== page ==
“Quick, amigas,” Isabella said as she bent over the guard’s body to retrieve her dagger.  “Bamanos.” 

            “What about him?” the still half-stunned Eleanor asked, pointing to Bartlett John.  It was hard for us to hear each other in the wild din of a prison in full hysterical lockdown. 

            “He comes, too.  Jes.”  Isabella’s tone told us she had reached a decision.   

            “They’ll blame him for all this,” she waved one hand at the shambles around us, sliding her dagger back into its sheath against her diminutive thigh.  “We mus’ save him from their revenge.  Come quickly.” 

            “You can’t believe we’ll really be able to get him out of here, can you?” Eleanor was rapidly regaining her composure as she carefully picked tiny pieces of shattered glass out of her hair.  I was far less disheveled, my reflexive spasm having sent the shattered glass shards flying away from me, rather than haphazardly.   

            “I think Eleanor’s right, Isabella,” I said.  “With hundreds of armed guards swarming all over the place, and with all those high walls and electrified fence – even if the fuses are all blown -- and guard dogs, and sharpshooters in the towers, with all that it would take a miracle for us to get out of her safely.”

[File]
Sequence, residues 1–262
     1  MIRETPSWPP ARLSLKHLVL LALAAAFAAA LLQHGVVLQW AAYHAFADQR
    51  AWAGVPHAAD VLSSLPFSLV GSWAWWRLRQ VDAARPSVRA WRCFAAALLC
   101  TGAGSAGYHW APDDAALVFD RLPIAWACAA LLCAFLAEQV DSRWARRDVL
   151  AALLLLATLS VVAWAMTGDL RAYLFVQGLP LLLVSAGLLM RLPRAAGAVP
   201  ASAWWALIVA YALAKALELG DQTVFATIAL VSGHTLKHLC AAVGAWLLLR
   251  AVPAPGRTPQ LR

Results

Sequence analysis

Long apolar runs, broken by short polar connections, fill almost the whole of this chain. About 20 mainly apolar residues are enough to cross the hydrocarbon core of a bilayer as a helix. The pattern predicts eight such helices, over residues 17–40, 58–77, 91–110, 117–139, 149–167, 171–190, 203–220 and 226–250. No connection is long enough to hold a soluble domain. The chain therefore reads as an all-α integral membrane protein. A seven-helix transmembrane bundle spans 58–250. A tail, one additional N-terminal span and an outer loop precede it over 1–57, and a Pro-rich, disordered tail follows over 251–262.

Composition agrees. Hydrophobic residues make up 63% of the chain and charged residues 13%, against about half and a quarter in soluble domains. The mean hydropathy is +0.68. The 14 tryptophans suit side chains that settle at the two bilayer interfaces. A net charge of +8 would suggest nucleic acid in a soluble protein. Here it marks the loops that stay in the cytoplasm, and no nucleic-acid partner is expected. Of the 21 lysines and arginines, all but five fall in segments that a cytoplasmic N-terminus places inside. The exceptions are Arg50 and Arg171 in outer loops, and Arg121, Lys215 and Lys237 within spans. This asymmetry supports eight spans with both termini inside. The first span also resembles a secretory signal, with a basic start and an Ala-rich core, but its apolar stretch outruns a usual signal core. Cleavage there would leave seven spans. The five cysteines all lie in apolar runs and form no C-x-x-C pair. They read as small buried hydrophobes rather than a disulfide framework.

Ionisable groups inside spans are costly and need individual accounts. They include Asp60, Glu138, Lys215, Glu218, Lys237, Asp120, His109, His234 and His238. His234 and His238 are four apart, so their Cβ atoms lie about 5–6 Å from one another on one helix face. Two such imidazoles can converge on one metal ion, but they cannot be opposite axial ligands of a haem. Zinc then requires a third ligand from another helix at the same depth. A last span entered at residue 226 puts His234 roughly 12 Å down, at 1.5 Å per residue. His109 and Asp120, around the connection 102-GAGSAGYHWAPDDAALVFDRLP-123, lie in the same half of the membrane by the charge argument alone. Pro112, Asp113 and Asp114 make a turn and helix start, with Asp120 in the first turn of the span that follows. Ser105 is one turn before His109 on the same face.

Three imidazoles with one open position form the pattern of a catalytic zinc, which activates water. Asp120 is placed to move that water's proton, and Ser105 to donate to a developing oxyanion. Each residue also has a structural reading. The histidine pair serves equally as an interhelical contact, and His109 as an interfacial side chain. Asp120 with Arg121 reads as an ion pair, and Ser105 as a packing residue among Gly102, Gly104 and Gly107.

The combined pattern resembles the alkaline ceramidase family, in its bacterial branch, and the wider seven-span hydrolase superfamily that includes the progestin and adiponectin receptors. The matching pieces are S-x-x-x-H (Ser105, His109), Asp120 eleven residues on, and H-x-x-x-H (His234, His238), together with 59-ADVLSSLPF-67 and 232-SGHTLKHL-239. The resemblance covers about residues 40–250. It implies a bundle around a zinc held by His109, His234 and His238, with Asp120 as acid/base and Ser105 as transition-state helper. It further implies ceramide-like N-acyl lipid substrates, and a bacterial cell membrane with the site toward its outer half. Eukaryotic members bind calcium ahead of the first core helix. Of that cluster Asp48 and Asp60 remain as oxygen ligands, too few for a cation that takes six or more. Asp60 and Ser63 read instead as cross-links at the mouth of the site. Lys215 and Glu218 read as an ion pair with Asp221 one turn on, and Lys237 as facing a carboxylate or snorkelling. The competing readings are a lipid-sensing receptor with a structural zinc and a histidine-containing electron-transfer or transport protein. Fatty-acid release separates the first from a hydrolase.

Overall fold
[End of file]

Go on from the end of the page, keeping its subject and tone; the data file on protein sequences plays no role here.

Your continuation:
“Jes.  Jes.  Maybe several miracles.  But we mus’ try, amigas.” 

            “Guh, guh, guh-guh-guh …” odd sounds were emanating from our obese, baldheaded client as tiny Isabella tugged him to his feet. 

            “What’s he saying? Eleanor asked plaintively. 

            “He’s trying to tell us something,” I said.  Duh.  How observant. 

            “Guh-guh-guh, guh,” Bartlett John beat one fist against his leg in frustration, then stopped, pulled himself to his full height and took a deep, wheezing breath. 

            “Nothing ventured, nothing gained,” he said. 

            We ran for our lives then, and not one but two miracles helped us escape San Quentin. 

            First was the swarm of killer bees that drove the entire compliment of prison guards, human and canine both, inside and away from all windows as we ran for our lives through the compound.  As we scampered, I could hear Bartlett John musing to himself quietly:  “To be or not to be.”  I am no stranger to killer bees, but I could not see how they would attack only the guards and not us.  That was our first miracle.  Miraculously, the swarm never bothered us at all.  It may have been the scent of Isabella’s hair dye.